Traveling through the luster of Whipple Creek Regional Park
Whipple Creek Regional Park covers a 300-acre stand of native forest in the North Vancouver area. One of its features includes over four miles of mixed-use trails. The regional hiking park connects the South Ridge and Grist Mill Loops which gives the beautiful surroundings of the park. The park is deliberately forested with a labyrinth of marked and unmarked trails. You should download a copy of the regional park map from the official website. The residue of a stone mill and other relics of rural living are some of the high points.
Be prepared to step aside for horses: The Park is a very well-liked riding location because of its proximity to a boarding firm. Many trails are not as muddy as they used to be; others may be closed in the winter. You can find your way via the map or follow the directions. The longer lollipop loop narrated here starts at Fairgrounds Community Park. A shorter loop of 3.2 miles starts at the Whipple Creek 21st Avenue North Trailhead and remains within the park.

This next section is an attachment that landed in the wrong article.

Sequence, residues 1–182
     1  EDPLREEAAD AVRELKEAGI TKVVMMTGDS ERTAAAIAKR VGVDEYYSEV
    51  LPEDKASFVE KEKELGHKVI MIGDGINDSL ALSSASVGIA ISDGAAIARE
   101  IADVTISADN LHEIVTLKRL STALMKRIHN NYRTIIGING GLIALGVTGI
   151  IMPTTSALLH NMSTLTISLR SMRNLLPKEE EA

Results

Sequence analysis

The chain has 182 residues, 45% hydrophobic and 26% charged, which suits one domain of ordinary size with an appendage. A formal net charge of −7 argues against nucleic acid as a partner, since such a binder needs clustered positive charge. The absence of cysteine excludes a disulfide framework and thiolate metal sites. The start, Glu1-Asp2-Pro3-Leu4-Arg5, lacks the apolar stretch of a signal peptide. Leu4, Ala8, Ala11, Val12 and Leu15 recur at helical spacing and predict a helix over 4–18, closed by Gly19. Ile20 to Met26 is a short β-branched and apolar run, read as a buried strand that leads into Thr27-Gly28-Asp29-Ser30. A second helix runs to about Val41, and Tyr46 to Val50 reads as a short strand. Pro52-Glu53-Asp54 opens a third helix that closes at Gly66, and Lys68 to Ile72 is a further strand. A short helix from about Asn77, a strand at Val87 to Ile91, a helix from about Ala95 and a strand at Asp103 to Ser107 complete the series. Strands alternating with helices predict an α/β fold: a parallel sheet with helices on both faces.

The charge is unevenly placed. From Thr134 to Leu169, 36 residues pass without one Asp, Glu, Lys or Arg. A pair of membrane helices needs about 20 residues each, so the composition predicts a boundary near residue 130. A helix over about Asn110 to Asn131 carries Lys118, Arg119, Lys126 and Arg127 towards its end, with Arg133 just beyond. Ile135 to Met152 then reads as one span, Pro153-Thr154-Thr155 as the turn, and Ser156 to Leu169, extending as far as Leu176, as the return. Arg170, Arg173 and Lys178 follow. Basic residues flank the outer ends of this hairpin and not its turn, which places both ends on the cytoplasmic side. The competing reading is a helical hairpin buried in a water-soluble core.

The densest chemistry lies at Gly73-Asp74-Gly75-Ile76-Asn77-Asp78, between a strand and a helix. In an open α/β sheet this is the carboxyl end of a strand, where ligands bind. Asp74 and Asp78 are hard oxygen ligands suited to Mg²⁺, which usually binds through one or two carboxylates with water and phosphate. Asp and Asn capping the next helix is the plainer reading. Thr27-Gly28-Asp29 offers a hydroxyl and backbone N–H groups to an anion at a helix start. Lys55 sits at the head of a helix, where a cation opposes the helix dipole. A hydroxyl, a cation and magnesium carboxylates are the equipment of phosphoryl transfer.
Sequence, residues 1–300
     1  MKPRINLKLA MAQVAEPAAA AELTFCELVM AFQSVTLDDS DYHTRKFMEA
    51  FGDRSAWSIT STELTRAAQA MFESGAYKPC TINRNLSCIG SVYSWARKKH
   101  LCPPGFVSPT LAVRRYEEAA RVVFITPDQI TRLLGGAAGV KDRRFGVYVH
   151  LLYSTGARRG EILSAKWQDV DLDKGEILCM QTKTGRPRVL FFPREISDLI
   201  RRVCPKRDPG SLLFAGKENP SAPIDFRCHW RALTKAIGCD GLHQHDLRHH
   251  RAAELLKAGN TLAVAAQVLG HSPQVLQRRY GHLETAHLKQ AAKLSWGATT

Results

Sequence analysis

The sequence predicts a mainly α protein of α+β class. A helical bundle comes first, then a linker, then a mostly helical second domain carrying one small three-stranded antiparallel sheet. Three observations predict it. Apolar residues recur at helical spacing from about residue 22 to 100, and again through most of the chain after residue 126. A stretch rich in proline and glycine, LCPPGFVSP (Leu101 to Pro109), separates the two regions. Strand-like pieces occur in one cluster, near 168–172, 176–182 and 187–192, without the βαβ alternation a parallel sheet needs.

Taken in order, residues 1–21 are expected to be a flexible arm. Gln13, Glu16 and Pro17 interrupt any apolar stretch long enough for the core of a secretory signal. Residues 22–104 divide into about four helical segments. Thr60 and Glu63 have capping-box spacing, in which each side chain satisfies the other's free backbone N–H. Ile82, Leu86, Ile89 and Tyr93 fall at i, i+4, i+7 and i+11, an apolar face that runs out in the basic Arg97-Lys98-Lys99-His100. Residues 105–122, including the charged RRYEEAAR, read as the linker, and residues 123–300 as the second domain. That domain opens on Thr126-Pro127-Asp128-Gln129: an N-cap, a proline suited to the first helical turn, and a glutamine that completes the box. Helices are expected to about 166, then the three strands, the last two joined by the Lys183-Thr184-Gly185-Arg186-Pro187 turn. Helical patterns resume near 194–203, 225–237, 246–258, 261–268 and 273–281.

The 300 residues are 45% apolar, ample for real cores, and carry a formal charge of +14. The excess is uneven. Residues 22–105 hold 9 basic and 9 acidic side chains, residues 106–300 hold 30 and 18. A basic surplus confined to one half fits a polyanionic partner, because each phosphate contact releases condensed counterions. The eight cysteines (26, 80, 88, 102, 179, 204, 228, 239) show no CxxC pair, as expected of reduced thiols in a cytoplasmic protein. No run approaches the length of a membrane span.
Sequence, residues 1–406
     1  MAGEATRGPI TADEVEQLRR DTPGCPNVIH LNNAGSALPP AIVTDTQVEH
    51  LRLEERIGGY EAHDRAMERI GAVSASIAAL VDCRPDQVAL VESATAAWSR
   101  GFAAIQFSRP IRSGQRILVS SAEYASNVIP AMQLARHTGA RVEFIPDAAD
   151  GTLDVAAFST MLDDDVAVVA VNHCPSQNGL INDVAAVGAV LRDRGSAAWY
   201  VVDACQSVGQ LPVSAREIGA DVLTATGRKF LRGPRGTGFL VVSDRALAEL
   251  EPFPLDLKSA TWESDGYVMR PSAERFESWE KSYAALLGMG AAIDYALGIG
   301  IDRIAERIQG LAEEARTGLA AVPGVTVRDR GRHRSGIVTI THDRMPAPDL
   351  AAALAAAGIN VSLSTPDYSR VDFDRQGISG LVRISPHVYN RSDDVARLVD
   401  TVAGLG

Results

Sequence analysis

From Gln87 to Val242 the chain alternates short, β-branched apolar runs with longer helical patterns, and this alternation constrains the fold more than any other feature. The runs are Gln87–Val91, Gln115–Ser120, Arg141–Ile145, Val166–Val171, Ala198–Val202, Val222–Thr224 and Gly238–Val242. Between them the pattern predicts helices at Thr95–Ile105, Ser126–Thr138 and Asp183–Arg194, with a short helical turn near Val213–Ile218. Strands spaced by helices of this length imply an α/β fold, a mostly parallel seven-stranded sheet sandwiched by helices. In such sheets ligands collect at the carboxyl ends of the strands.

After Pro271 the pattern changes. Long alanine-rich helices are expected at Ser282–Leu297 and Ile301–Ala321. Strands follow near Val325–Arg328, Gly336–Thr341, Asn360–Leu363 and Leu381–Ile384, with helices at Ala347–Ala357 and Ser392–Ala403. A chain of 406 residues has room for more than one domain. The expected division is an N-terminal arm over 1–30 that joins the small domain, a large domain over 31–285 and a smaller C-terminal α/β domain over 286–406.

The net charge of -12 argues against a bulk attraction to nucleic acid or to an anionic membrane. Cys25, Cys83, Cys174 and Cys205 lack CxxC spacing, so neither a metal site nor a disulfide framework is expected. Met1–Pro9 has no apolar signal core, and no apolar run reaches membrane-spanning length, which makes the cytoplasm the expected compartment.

It is a deep-forest involvement without the drive. This hike loops through colossal Douglas fir trees and waist-high sword ferns to give an ancient involvement where the natural world dwarfs you. There is a small field for a picnic and the remains of a grist mill to travel over. This hike is a considerable way to get away from urban life and be submerged in a peaceful forest environment.
Facilities provided at Whipple Creek Regional Park –
- There are multi-use hiking and equestrian trails.
- The parking lot at Northwest 21st Avenue entrance
- The park is also a pristine, peaceful forest habitat and is home to many kinds of wildlife, including woodpeckers, hawks, deer, flying squirrels, herons and beavers.
Whipple Creek Regional Park begins with fairgrounds Community Park. It is a deep-wood involvement where the trails can be muddy. Follow the guidelines, which include wearing shoes you don’t mind getting dirty, packing some precautionary insect repellent, and bringing your childhood sense of adventure.
Lewis and Clark State Recreation Site